Drew

    I could care less what JC has to say.  😀

    Talking about Joe? Invoke his name, and he shall appear. 🙂

    "Do not seek to follow in the footsteps of the wise. Instead, seek what they sought." - Matsuo Basho

  • Eric M Russell - Friday, December 8, 2017 2:12 PM

    Lynn Pettis - Friday, December 8, 2017 1:09 PM

    drew.allen - Friday, December 8, 2017 12:53 PM

    I use plural, because the table represents a set of objects, not a single object.

    And that also saves me the grief of JC telling me that I need to read a book on database design. 😀

    Drew

    I could care less what JC has to say.  😀

    Talking about Joe? Invoke his name, and he shall appear. 🙂

    Only if you say it three times while looking in a mirror! :hehe:

  • Singular. I teach singular and I beg people to use Singular. Not only do we not have to remember if there is or isn't an S if we just know that table names are singular, we also don't have to worry about the problem of "ys" vs "ies" which seems to confound many of our ESL friends and coworkers.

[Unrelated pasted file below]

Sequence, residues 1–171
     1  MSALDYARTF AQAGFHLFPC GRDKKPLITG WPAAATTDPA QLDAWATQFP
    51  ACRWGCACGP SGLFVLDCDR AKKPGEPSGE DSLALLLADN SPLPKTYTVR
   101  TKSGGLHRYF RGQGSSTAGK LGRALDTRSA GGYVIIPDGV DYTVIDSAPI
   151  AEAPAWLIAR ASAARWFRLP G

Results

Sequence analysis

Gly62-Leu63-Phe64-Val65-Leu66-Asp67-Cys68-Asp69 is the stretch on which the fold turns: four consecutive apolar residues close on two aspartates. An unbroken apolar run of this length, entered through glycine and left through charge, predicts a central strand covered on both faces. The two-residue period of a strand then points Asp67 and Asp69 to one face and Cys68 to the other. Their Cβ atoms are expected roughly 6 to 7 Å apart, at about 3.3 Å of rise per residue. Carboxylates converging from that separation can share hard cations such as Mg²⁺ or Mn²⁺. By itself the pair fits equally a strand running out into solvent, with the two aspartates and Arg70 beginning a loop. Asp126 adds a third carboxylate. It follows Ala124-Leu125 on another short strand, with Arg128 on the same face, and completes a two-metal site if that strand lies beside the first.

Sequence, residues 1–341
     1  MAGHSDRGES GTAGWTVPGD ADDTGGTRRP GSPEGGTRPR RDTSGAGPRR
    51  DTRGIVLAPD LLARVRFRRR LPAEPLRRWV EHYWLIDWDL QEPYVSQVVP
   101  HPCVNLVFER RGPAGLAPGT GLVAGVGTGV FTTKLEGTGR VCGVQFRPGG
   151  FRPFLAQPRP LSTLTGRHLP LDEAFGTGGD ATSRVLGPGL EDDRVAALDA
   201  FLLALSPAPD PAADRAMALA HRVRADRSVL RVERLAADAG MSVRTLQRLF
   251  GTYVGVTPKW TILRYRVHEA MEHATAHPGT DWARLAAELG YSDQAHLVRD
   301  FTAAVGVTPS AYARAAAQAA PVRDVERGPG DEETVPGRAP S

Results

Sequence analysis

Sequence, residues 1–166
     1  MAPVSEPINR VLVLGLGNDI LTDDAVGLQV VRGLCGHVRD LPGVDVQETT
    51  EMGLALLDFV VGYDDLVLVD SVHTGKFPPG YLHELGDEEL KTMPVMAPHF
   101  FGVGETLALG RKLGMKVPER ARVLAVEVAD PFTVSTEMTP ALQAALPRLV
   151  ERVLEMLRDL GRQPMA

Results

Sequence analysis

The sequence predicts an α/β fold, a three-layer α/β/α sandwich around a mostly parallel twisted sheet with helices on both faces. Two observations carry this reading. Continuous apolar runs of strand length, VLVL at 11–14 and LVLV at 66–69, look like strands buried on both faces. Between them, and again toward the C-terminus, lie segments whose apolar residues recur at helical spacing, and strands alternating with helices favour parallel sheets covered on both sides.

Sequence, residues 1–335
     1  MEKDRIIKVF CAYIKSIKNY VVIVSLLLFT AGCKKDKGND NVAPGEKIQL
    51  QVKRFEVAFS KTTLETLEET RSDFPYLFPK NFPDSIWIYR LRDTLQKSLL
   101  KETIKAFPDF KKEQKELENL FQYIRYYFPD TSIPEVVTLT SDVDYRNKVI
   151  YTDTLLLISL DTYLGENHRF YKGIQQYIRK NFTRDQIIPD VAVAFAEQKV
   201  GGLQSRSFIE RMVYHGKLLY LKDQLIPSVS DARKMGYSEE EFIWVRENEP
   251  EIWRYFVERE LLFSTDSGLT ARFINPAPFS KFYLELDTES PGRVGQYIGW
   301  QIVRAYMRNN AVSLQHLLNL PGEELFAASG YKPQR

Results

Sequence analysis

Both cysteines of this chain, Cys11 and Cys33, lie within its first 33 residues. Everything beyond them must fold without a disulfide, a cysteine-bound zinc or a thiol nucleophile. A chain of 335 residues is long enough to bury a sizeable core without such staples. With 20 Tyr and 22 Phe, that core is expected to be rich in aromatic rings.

It also makes thing simpler when you're creating or using automation tools- a many to many join table between puppies and foods isn't puppy_foods or puppies_food or puppies_food or foods_puppies or food_puppies or foods_puppy it's just the table names, singular, in alphabetical order: food_puppy, and when a piece of automation finds a table with underscore(s) it can just know that the entities parsed out will exist as tables. If I see food_puppy, I know there is a food table and a puppy table, and I also know that the PK in those table is (a) the first field (b) a unique identifier (c) a rowguid (d) named FoodRecordID and PuppyRecordID. I know the first two fields in the Food_Puppy table are also FoodRecordID and PuppyRecordID.